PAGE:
Peekaboo sleeps
Peekaboo sleeping. Click to enlarge.

Peek-a-Boo came to Bat World Sanctuary via her elderly mother, an Egyptian fruit bat (Rousettus aegyptiacus) who was rescued from deplorable conditions in the fall of 2009. Her mother was housed in a tiny cage with two dozen of her own kind. All of the bats were rescued from a roadside zoo and brought to Bat World Sanctuary. Peekaboo’s mother was among those in the worst shape. The stress of the rescue caused the older mother to abandon one-month old Peek-a-Boo shortly after arriving. She was found hanging from a branch in our large flight cage one morning, alone, cold and crying for food. She was hand raised, along with Edward, a much smaller Carollia infant who had also lost his mother after being rescued.

Peekaboo comforts Edward
Peek-a-Boo comforts Edward on his first introduction to the flight cage. Edward has green markings for quick identification.Click to enlarge.

The two mismatched orphans seemed to find comfort in each others’ companionship. By day they slept cuddled together in a fake lambs wool blanket. In every sense of the word, Peekaboo and Edward appeared to be normal, well-adjusted orphans, much like the others that we’d hand raised over the years. At around four months of age Peek-a-Boo was re introduced into the flight cage, and a few days later Edward followed. This was when all sense of normalcy inside the flight cage entirely disappeared.

For the first few days Peekaboo would leave the other bats and fly to us when we entered the cage, usually landing on our shoulder or back, something which took us by total surprise, but something she apparently felt was the most normal thing in the world for a bat to do. There she would stay, completely content to ride along, while I put the dishes filled with various fruits out for the night’s feeding.The other bats watched, eyes bulging in amazement at the bold new youngster who dared to use the human as a moving perch. She rode the top of our heads, my back, our shoulders, even our faces. It wasn’t long before Edward participated in the game by circling our heads closely as Peek-a-Boo perched on top like a furry crown. There she rode, head held high like royalty as the commoners circling below were reduced to mere flight.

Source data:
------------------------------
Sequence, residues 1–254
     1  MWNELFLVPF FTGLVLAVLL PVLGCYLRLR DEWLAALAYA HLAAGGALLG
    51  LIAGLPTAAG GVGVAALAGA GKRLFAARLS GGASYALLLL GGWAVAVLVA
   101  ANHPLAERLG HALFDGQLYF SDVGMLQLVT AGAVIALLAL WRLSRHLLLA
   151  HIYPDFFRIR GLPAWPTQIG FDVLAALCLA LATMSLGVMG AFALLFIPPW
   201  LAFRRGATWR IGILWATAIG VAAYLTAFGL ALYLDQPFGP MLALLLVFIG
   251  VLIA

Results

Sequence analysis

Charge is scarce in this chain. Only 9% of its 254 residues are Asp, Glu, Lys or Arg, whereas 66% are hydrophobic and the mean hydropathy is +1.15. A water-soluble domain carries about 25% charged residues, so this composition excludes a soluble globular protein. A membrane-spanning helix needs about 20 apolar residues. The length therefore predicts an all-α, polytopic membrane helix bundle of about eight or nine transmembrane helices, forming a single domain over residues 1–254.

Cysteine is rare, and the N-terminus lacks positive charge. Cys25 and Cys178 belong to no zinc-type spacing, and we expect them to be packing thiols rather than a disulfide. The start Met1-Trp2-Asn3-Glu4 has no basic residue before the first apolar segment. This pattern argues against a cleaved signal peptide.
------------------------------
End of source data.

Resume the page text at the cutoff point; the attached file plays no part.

Peekaboo and Edward games
Volunteer Janette is taken advantage of by Peekaboo while Edward circles in glee. Click to enlarge.

After the dishes of fruit were put out, we had to extract Peekaboo from our bodies in order to leave the flight cage, something she squabbled loudly and incessantly over. The once five minute job of putting out nightly fruit turned into a ten minute ordeal of trying to contain two freshly-plucked tiny feet in the palm of one hand while extracting tiny thumb claws from my shirt with the other hand, only to have the feet pop from my grasp with lightning speed and reattach to a shirt at the precise moment the thumbs were un-plucked.

At first we feared that Peekaboo had imprinted, but as other volunteers entered the picture, it became crystal clear that imprinting had nothing at all to do with it. Peekaboo simply has more personality than one bat can contain. She apparently believes every human was created entirely for her personal enjoyment, to do with as she pleases. She is particularly fond of ponytails, buns, or anyone with longer hair. When she approaches her target, in her hummingbird pattern of flight, she aims for the part of the head that has the most hair mass.

Peekaboo smiles
Peekaboo sits on a volunteer’s shoulder and smiles for the camera.